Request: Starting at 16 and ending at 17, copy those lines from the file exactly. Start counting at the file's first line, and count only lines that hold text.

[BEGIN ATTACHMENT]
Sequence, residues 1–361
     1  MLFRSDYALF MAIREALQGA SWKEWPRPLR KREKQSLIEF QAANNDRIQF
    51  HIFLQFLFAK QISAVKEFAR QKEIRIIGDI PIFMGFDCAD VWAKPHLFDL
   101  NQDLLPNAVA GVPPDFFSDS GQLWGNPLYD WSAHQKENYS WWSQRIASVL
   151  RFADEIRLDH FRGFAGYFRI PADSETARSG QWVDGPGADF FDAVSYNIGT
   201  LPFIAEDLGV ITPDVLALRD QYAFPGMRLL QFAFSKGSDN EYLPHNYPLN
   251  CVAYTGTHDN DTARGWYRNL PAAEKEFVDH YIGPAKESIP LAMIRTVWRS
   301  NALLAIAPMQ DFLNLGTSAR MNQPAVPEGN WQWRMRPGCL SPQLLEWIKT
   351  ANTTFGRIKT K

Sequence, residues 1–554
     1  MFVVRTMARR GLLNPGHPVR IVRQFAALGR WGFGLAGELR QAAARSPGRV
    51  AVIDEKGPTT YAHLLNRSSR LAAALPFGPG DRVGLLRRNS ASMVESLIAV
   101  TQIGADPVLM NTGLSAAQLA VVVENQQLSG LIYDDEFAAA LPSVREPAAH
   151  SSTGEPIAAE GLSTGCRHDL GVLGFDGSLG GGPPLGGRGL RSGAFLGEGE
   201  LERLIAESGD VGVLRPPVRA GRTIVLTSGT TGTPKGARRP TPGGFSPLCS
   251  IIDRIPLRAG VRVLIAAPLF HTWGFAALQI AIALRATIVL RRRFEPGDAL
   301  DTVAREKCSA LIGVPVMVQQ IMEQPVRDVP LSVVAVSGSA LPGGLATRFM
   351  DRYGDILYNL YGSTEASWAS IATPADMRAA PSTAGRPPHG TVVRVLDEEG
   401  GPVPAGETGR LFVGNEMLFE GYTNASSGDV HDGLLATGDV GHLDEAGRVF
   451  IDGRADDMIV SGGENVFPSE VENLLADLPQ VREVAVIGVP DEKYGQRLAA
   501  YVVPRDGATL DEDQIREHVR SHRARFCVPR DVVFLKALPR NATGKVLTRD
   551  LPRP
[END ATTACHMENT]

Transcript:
   251  IIDRIPLRAG VRVLIAAPLF HTWGFAALQI AIALRATIVL RRRFEPGDAL
   301  DTVAREKCSA LIGVPVMVQQ IMEQPVRDVP LSVVAVSGSA LPGGLATRFM